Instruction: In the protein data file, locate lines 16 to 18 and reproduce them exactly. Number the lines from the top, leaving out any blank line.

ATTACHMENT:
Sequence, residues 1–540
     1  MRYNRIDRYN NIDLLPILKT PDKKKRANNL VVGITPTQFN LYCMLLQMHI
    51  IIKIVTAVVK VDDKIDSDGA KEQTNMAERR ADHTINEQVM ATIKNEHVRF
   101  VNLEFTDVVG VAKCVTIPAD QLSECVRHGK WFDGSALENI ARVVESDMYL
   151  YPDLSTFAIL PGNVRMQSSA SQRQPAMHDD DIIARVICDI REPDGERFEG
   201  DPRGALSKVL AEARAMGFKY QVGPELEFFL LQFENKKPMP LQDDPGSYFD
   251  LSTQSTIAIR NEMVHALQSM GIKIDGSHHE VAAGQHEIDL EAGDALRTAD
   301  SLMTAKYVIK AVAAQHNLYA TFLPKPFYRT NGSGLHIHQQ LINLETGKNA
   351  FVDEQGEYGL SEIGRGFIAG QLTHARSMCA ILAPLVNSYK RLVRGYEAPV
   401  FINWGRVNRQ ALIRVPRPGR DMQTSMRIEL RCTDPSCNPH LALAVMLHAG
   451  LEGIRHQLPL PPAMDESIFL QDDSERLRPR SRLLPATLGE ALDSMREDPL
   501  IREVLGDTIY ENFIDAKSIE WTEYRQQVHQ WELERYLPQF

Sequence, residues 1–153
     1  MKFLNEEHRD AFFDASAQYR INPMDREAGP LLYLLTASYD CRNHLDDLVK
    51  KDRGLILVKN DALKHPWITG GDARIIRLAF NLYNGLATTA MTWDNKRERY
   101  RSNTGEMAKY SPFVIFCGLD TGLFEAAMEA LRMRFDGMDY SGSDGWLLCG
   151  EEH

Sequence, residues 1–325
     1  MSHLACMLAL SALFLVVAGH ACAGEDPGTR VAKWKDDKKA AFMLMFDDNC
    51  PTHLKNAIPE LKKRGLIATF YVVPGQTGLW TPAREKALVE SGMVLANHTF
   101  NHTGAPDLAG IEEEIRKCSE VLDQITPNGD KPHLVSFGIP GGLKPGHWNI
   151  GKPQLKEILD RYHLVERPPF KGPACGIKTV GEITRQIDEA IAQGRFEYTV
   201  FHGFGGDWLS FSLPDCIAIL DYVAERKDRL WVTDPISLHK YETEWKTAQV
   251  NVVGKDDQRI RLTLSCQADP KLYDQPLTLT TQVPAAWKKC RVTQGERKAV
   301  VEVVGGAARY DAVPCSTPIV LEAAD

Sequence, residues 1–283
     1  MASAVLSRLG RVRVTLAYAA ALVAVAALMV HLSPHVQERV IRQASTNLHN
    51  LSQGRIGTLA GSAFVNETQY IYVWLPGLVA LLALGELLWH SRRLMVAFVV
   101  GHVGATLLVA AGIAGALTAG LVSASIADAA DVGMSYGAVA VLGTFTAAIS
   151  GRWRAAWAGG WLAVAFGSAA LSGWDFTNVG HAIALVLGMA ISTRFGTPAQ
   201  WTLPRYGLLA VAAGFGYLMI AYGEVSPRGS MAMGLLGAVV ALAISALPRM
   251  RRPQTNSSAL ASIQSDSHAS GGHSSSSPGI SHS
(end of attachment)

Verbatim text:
   101  RSNTGEMAKY SPFVIFCGLD TGLFEAAMEA LRMRFDGMDY SGSDGWLLCG
   151  EEH

Sequence, residues 1–325